Memory of the Civil War affords opportunities to defeat the Lost Cause. As some communities remove Confederate statues––most emplaced during America’s Jim Crow period––as a military historian, it is important for me to take on the myth of Confederate military prowess. Statues to Robert E. Lee and Stonewall Jackson, to name a few, present them as heroes, when in fact leaders such as these lost the pivotal battles to the U.S. Army and committed treason. Lee in particular is problematic as the aura of his supposed military genius is used to obscure his past as a brutal slave owner, who broke his oath to the United States to fight in the rebellion.

Confederate Heritage Month is a celebration of the American Civil War from deep within the Lost Cause. Since 1994, in former secessionist states––particularly Alabama, Florida, Georgia, Louisiana, Mississippi, Texas, and previously in Virginia––Confederate Heritage Month has celebrated those who fought for the Confederate States of America. State legislatures and leaders purposefully misconstrue the failed slavers’ rebellion as some glorious cause for freedom and states’ rights. In 2016, Mississippi celebrated that vile cause in April.

In 2016 after a conversation on Twitter, fellow historian B.J. Armstrong urged me to push back against Confederate Heritage Month by tweeting a Confederate defeat for each of April’s thirty days. As he accurately mentioned, there were plenty of defeats from which to choose. I accepted his challenge and what began as a simple, one-month only reminder that the Confederacy lost numerous battles, and ultimately the war, has now became a yearly ritual.

At this point I should note that I am an academically-trained historian of the Vietnam War. Yet, as a military historian, I take some joy is using battles to expose the myths surrounding the Confederacy. By spotlighting battles, I am able to demonstrate that the so-called Confederacy did not have better leadership, soldiers, or any lasting victory. Since 2016, I have dedicated myself to a yearly counter-celebration every April. I pair each day with a Confederate battlefield defeat. The first year I focused on Mississippi. I covered Georgia in 2017. In 2018, I changed things up by addressing how U.S. military installations are named after Confederates while listing a defeat. 2019 proved my most popular celebration as I paired Southerners who remained loyal to the United States with a Confederate military defeat.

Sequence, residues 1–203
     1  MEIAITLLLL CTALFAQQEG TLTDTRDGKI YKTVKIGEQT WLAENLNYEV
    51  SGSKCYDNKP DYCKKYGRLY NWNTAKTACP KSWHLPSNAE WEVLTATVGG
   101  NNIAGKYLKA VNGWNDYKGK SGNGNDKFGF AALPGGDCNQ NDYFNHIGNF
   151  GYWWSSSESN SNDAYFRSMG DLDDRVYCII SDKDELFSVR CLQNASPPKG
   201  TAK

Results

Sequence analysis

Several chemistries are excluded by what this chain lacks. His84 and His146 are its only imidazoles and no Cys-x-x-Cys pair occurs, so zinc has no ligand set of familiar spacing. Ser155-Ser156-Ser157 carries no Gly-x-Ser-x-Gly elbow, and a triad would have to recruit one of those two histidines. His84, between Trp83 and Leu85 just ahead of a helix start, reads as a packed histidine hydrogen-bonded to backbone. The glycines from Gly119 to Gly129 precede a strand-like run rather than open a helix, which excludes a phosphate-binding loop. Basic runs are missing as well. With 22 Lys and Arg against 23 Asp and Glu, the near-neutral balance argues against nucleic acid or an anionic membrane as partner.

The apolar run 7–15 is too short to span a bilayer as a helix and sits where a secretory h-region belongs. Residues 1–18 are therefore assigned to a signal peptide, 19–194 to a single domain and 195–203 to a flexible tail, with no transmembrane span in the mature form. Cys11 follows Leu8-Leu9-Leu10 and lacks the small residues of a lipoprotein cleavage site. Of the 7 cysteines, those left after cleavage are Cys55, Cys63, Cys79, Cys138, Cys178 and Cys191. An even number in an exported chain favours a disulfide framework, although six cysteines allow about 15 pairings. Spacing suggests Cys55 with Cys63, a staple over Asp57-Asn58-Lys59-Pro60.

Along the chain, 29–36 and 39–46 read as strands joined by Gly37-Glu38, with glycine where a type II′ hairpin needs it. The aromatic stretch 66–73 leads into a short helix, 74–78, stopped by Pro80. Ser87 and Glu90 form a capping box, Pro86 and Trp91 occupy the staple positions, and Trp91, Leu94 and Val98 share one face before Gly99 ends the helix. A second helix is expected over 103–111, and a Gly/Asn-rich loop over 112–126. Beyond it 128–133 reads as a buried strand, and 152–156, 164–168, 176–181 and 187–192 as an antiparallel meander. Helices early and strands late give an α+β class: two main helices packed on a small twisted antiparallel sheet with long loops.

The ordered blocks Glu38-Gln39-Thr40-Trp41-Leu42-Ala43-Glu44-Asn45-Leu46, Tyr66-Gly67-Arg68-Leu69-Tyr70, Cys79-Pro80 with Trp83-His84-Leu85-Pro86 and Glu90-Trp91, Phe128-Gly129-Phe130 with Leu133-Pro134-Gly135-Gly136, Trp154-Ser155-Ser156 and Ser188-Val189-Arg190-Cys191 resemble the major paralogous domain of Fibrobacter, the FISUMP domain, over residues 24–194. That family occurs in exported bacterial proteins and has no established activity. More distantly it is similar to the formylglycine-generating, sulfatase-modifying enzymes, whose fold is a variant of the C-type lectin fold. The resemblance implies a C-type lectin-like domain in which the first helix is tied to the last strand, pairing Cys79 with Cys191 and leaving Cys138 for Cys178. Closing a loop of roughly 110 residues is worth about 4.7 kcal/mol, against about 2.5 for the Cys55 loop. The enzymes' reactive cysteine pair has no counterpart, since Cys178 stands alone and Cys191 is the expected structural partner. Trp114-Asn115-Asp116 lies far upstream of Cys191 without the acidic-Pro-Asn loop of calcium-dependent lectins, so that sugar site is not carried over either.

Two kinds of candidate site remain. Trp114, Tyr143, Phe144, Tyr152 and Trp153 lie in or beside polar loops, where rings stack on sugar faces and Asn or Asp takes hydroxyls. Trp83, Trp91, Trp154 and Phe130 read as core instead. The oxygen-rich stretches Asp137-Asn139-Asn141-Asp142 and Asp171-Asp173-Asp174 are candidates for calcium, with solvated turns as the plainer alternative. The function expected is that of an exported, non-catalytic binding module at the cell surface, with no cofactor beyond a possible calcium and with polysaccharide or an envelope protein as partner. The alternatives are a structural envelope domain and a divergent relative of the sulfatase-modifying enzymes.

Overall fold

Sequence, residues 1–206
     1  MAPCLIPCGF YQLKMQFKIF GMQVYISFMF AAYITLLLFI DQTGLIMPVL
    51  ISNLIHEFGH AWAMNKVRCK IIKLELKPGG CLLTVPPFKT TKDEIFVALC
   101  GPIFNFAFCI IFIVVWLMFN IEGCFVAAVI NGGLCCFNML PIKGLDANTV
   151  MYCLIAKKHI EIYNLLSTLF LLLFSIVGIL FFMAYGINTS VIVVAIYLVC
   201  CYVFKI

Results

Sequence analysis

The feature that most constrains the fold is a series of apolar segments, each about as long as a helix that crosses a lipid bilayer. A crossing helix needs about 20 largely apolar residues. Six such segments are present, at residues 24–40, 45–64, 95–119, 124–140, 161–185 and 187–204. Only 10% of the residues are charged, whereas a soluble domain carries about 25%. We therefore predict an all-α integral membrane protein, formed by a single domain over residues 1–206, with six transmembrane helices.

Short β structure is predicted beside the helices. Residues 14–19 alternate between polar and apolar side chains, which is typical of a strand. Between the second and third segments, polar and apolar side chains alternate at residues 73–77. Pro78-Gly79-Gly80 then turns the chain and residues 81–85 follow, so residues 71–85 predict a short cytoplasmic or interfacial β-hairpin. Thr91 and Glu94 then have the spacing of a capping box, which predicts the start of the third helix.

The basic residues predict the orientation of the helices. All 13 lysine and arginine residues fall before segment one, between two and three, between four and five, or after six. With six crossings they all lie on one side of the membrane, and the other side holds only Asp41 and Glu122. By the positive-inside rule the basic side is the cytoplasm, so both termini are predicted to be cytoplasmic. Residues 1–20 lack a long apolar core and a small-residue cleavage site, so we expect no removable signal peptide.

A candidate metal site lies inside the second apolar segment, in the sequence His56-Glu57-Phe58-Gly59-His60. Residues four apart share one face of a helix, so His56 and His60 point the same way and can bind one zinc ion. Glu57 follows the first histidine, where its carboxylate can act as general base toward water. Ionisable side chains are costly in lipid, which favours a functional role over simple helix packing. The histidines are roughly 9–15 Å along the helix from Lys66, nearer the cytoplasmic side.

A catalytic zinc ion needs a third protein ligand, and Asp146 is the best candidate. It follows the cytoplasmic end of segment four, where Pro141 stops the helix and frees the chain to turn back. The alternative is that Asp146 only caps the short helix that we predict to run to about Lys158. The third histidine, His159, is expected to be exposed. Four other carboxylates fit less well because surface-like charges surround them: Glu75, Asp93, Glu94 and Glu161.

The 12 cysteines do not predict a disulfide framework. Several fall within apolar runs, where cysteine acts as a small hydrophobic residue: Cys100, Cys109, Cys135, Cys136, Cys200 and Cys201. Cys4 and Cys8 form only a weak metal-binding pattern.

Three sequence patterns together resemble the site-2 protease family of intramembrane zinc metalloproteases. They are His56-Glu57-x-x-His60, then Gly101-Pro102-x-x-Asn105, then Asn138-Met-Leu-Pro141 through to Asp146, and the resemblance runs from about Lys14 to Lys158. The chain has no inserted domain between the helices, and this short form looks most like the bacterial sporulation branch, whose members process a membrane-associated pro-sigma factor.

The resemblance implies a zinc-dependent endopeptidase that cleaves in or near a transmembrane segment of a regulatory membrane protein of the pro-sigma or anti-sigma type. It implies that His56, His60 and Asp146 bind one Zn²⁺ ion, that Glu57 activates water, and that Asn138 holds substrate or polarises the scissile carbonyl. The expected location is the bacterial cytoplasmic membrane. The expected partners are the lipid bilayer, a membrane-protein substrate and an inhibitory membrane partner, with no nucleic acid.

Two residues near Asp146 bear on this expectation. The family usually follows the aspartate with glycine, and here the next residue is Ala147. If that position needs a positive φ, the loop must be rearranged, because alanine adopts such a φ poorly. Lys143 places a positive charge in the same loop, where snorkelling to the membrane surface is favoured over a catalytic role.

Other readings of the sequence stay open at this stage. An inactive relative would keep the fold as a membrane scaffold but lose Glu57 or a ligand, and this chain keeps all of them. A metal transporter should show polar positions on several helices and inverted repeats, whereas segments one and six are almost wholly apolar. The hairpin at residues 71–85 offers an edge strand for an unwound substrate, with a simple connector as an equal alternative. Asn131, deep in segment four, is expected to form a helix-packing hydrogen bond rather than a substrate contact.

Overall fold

The majority of the responses to my celebration are positive. Some fellow historians also now join in my challenging of the Lost Cause in April. Most of the negative responses, which are few, come from Neo-Confederates. Since Neo-Confederates are largely averse to academic responses to their feelings-as-arguments approach to understanding the Civil War, interactions with them are brief. In the end, although rife with sarcasm, I am producing educational content.

Tweets are a great way to deliver concise, accessible statement. And if, as Mississippi’s Republican Governor Tate Reeves recently proclaimed, Confederate Heritage Month is about learning lessons, then those lessons should include that the Confederacy led a traitorous rebellion against the United States, did so in the name of slavery, and was thoroughly defeated on the battlefield. The efforts of historians to correct the myths of the Confederacy remain far from over. Historians presented arguments against the existence of Confederate monuments in public spaces, resulting in the removal of some. Yet, Lost Cause symbols and rhetoric remain in the continued influence of the Sons of Confederate Veterans organization and the continuance of Confederate Heritage Month in Mississippi.

Rob Thompson is a historian at the Army University Press. His book on pacification in the Vietnam War is forthcoming with Oklahoma University Press. He tweets at @DrRobThompson and his 2020 Confederate Heritage Month counter-celebration thread can be found here and you can find last year’s thread here.

Cover image: Lee Surrendered, Albany Journal, 10 Apr 1865.